Dead Street, known for its hustle and bustle during the twilight hours, has grown to be a source of anxiety for all who take up residence on that narrow road. No one wants to live on it. When relatives or friends want to visit its many inhabitants, it was hard to confess that they lived on Dead Street, right off the corner of Hangman Avenue. It simply could not be done without the sting of biting judgment.
Many of its residents have petitioned the local government for a name change but Mayor Baldwin had a morbid sense of humor. He made it quite the tourist attraction. When pressed, he asked its residents why they wouldn’t simply move away to another appropriately named street or why on earth they decided to take up residence on that street in the first place.
“I mean, that street has proudly bore its name for the last fifty years without much complaint,” Baldwin said in a statement.
The people of this little road were emphatically upset with the mayor’s tepid response. One of the first to call him out on it was Ms. Keklan Rider, head of the Foundation for a Better Name.
“The mayor made it sound so easy. Just simply moving away. Does he know we are currently in the middle of a housing crisis? Does he know that a good deal of our assets have already been poured into our homes?” Rider said during last Saturday’s press conference.
“The mayor should be listening to its citizens. Looking out for their best interest. Not trying to make money off the backs of our hardworking residents.”
Other residents have expressed their outrage.
“The audacity?! Simply get up and leave! Who does this mayor think he is?” cried Ms. Faerie Night, resident of 1278 Dead Street.
The frustration with Dead Street’s name is nothing new for this town but protest have been ramping up after an incident last week.
Last Monday, someone did everyone in the neighborhood a disservice by dying on Dead Street. Now everyone in the more respectably named streets are judging them.
“Thanks for nothing, old lady Bateman,” cried Mr. Gregory Blood, resident of 1933 Dead Street. “She could’ve just as easily died of a heart attack or one of her cats smothering her in her sleep, but since she lived on Dead Street the place must be haunted.”
Now the neighbor kids won’t leave these poor inhabitants alone. Teenagers dare each other to walk down it during the night time hours. Children make up haunting taunts about the neighbors in creepy sing songs as they pass by it on their way to school.
Some have even started making up outrageous stories of how a family was murdered on 1005 Dead Street last summer during a full moon. Mr. Tyler Webber, resident of 1005 Dead Street, said he threatens to kill his wife once and all these horrible lies are being spread about him. He cursed the street, so obviously the one true bane of his existence.
Another rumor was that a coven of witches living in the house on 13 Dead Street were responsible for the death of a kid who lived on Burning Tree Avenue. In a public statement they said that just because they did their nature ritual in that park doesn’t mean they sacrificed a kid to the tree spirits.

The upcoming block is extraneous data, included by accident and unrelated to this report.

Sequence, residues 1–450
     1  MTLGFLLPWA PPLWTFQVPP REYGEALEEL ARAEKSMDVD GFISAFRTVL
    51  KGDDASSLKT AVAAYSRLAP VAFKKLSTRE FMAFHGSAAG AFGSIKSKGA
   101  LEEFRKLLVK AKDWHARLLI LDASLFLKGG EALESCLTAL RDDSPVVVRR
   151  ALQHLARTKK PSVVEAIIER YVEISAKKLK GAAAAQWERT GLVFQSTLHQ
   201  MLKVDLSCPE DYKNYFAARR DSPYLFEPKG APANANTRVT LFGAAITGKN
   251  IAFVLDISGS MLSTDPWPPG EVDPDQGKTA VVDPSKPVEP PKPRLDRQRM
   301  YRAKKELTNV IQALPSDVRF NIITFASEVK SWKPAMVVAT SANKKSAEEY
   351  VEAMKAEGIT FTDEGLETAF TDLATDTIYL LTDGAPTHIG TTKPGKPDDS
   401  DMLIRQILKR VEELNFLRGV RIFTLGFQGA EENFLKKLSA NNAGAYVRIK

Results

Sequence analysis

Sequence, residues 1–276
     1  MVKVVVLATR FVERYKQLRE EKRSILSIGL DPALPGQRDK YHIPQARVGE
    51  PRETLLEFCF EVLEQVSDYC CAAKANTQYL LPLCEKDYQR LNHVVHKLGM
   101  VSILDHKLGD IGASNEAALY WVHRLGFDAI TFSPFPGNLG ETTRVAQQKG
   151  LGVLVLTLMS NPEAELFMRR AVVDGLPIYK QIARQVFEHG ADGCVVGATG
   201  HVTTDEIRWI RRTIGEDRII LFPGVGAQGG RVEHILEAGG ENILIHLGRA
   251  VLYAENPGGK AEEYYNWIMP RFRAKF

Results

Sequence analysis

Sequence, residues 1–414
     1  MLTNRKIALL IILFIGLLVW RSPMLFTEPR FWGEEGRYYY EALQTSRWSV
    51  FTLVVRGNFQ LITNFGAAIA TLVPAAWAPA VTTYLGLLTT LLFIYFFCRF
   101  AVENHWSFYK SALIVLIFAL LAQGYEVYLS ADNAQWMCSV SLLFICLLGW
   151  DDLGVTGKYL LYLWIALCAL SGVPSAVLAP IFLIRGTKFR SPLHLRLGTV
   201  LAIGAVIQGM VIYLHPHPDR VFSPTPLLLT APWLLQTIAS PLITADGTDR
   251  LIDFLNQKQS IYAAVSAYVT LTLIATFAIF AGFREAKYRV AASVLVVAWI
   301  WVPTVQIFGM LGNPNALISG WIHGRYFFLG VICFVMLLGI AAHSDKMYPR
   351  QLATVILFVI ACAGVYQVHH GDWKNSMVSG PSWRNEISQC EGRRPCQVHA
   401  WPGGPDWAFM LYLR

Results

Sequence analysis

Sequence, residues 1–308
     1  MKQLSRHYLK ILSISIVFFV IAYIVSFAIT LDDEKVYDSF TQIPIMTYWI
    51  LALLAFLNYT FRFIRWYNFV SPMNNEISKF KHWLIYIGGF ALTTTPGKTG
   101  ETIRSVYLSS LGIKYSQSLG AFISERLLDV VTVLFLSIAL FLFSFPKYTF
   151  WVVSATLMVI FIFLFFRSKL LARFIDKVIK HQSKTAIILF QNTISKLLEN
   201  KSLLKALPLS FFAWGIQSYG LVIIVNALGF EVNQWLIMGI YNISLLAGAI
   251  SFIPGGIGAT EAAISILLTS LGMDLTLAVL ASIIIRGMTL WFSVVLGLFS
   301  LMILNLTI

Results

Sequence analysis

“Trees are most obviously herbivores,” said Audre Barks, head of the witch coven.
“All these vicious rumors. It must be because we live on Dead Street!”
When asked if this possibly made the trees cannibals, she disappeared in a puff of smoke.
So what should be done? Should the residents suck it up and hope the value of their houses don’t fall because they live on a certain ill-fated street? Or, alternatively, should the mayor concede to the command of these concerned citizens and simply change the name?
All the residents of Dead Street will be protesting this Sunday at around midnight in front of city hall to demand a name change. If you would like to participate, and are very much among the living, the community urges you to lend it your support.
“It would really help us out,” said Wolf Banesly, resident of 1500 Dead Street.
“All the living should want the change. And I don’t mean to be deadist, but if you happen to be dead, please don’t attend the event. Dead Street already has enough of a bad rep as it is.”
Riger Mortis, a spokesman for the Society of the Dead, has released a statement that they will be holding their own anti-living rally around the same time the Dead Street protesters will be holding theirs.
After uttering a few indecipherable phrases, he released a transcript explaining their reason for doing so.
“Dead Street means a lot to the dead community. It stands as one of the few testaments to zombie pride. Just because it makes you uncomfortable doesn’t mean you have a right to change it. We are all taking a stand against this blatant act of deadism.”
When asked if the dead community was over reacting to Mr. Banesley comment, Riger Mortis’ jaw dropped to the floor. In his translated response, Mortis made it clear that Banesley’s comment was representative of the challenges dead people face around the world.
“We are more than engaging in some petty squabble. We are standing up for the rights of Dead people everywhere.”
Final Edit: 29 March 2016